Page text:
Tweet by Glen: Oh my god, thank you so, so, soooo much to Richard Osman for your extremely generous donation to my charity abseil for nystagmus research! Absolutely blown away, that is truly incredible of you sir! THANK YOU! Richard Osman then replies with the word pleasure.

Blog & Social Media

I was very fortunate to be interviewed for 2 guest posts by other bloggers this month  (along with a third to be published soon). At the start of the month I was featured by Amanda Gene on her site, answering questions about my blogging and life in general. And in return I featured an interview with Amanda here on my site. So that was a nice exchange of posts.

I was also featured on VI Blind Resources, thanks to Chelsey, where I answered questions about what it was like growing up with visually impaired parents, which isn’t something I’ve written about on my blog before. In return Chelsey has also answered some questions to be featured here on my blog, which I will post very soon.

There is also a third blogger that I’ve exchanged interview questions and answers with, and our respective posts will also be published soon. So I’ll leave that as a surprise for now, but it’s a blogger I’ve been a fan of for some time.

In addition to that, I was delighted to appear on a list of 12 disabled bloggers to add to your reading list, by the lovely folks over at Euan’s Guide. They’re a very well-established site where people can post accessibility reviews for places they’ve visited all over the UK. So it’s an extremely useful resource for disabled people, and I’m very honoured to have been mentioned there.

I also passed 500 Twitter Followers, which is a big milestone for me, so thank you to everyone who follows me there. I’m edging closer to 300 followers on Instagram as well, which is cool.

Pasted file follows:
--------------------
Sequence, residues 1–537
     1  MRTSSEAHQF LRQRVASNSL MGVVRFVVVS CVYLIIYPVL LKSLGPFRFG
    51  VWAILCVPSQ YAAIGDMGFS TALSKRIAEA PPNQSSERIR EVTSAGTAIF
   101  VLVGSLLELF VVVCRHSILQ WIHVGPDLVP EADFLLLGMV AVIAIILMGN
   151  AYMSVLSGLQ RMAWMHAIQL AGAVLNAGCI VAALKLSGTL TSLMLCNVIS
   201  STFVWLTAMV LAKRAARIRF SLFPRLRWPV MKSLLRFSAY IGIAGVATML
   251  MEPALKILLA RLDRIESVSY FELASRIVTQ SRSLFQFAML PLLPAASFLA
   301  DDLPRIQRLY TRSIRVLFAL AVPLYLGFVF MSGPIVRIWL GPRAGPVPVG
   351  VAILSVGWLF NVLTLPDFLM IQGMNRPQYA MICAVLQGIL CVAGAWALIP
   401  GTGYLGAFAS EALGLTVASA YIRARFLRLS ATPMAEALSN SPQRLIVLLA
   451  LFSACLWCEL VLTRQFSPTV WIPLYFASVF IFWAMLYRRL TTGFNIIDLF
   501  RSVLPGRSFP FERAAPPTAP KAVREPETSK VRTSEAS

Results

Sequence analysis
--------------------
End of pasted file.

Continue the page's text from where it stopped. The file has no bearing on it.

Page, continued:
On Instagram and Twitter you may have noticed that I’ve been adding subtitles to my videos on stories and posts, particularly when giving shoutouts to abseil donators. I’ve been doing this using the Clipomatic App, which has proven quite useful. It uses voice recognition to generate automatic captions from your voice to begin with, but then you can edit the subtitles and trim the video before saving it, ready to upload to Instagram or Twitter or whatever. You can also customise the way the subtitles are displayed to a limited extent. I also like the fact that it displays the time elapsed as you’re recording, which is especially useful given that Instagram story clips have a 15 second limit you have to stay within.

Dishoom!

The cast of Dishoom standing in a line on stage holding hands. The central character in the line of 7 people is a man in a wheelchair. Behind them is a street with large houses on either side, the windows lit up in green and pink colours. Above them is a large sign saying Dishoom! in multi-coloured lettering.